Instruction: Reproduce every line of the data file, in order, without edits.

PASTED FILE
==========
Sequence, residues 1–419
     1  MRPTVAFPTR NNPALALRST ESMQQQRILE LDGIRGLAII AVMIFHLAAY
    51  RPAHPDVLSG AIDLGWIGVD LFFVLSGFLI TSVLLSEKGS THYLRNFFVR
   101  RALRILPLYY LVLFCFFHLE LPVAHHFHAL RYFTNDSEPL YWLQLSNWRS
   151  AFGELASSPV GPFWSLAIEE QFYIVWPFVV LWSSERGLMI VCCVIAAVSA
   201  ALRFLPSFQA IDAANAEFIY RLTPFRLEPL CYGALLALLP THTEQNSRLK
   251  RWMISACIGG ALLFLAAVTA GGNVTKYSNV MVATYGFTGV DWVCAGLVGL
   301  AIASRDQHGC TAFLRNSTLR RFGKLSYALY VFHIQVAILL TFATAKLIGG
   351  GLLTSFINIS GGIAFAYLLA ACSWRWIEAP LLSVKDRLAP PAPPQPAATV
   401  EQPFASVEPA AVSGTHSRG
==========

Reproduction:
Sequence, residues 1–419
     1  MRPTVAFPTR NNPALALRST ESMQQQRILE LDGIRGLAII AVMIFHLAAY
    51  RPAHPDVLSG AIDLGWIGVD LFFVLSGFLI TSVLLSEKGS THYLRNFFVR
   101  RALRILPLYY LVLFCFFHLE LPVAHHFHAL RYFTNDSEPL YWLQLSNWRS
   151  AFGELASSPV GPFWSLAIEE QFYIVWPFVV LWSSERGLMI VCCVIAAVSA
   201  ALRFLPSFQA IDAANAEFIY RLTPFRLEPL CYGALLALLP THTEQNSRLK
   251  RWMISACIGG ALLFLAAVTA GGNVTKYSNV MVATYGFTGV DWVCAGLVGL
   301  AIASRDQHGC TAFLRNSTLR RFGKLSYALY VFHIQVAILL TFATAKLIGG
   351  GLLTSFINIS GGIAFAYLLA ACSWRWIEAP LLSVKDRLAP PAPPQPAATV
   401  EQPFASVEPA AVSGTHSRG